34 F.3d 1065

34 F.3d 1065
NOTICE: First Circuit Local Rule 36.2(b)6 states unpublished opinions may be cited only in related cases.

Kevin RICUPERO, Plaintiff, Appellant,
David E. MANCINI, ETC., ET AL., Defendants, Appellees.

No. 94-1211

United States Court of Appeals,
First Circuit.

August 24, 1994

Appeal from the United States District Court for the District of New Hampshire [Hon. Steven J. McAuliffe, U.S. District Judge ]

Kevin Ricupero on brief pro se.

Russell F. Hilliard, Beth George-Kane and Upton, Sanders & Smith on brief for appellees.



Before Torruella, Selya and Cyr, Circuit Judges.

Per Curiam.


Plaintiff appeals the denial of leave to amend his civil rights complaint. We affirm.


The events leading to the denial of plaintiff’s motion for leave to amend are, briefly, as follows. Plaintiff’s complaint initially asserted claims under 42 U.S.C. Sec. 1983, and state law, against five defendants. After a screening by the magistrate revealed defects in the statement of some of the claims, plaintiff was afforded an opportunity to amend or face a dismissal of the defective claims. Plaintiff chose not to amend at that time, resulting in dismissal of the case against three of the defendants.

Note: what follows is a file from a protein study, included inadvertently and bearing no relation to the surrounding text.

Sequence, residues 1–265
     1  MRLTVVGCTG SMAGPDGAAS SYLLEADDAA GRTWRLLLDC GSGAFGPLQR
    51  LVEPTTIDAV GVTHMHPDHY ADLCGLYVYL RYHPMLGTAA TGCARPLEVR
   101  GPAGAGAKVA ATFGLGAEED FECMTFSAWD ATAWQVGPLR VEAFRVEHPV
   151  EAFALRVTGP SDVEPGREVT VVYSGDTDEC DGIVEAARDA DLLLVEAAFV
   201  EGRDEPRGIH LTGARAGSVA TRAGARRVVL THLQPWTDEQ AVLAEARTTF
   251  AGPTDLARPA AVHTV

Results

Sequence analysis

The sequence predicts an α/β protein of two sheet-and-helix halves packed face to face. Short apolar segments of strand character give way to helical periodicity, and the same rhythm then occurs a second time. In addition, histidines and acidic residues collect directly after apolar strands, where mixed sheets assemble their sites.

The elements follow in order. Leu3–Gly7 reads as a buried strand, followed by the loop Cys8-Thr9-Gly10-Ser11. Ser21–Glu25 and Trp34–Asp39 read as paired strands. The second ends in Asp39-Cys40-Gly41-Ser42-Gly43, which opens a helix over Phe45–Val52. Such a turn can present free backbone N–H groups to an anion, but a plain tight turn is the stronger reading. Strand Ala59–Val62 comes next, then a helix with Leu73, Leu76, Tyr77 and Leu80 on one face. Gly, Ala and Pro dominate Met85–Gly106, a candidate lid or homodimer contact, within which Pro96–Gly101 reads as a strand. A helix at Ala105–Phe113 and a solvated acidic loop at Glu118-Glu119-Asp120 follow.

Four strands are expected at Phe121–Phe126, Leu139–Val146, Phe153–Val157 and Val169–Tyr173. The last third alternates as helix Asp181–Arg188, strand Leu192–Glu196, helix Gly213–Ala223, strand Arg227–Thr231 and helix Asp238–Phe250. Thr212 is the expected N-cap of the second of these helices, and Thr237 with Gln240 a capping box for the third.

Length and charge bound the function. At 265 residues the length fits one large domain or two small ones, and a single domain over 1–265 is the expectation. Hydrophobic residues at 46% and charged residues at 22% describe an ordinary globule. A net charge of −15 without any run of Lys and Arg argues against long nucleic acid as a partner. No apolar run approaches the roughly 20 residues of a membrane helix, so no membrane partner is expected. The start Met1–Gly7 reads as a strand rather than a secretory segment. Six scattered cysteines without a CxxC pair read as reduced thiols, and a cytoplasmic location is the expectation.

The remaining two defendants were the Town of Bennington, New Hampshire, and David E. Mancini, the Town’s Chief of Police. The federal claims against them fell into two groups. First, there were claims stemming from Chief Mancini’s alleged failure to obtain a search warrant prior to conducting a search of plaintiff’s property. Second, plaintiff claimed that Mancini, acting in the capacity of town prosecutor, wrongfully initiated and prosecuted certain misdemeanor charges against plaintiff.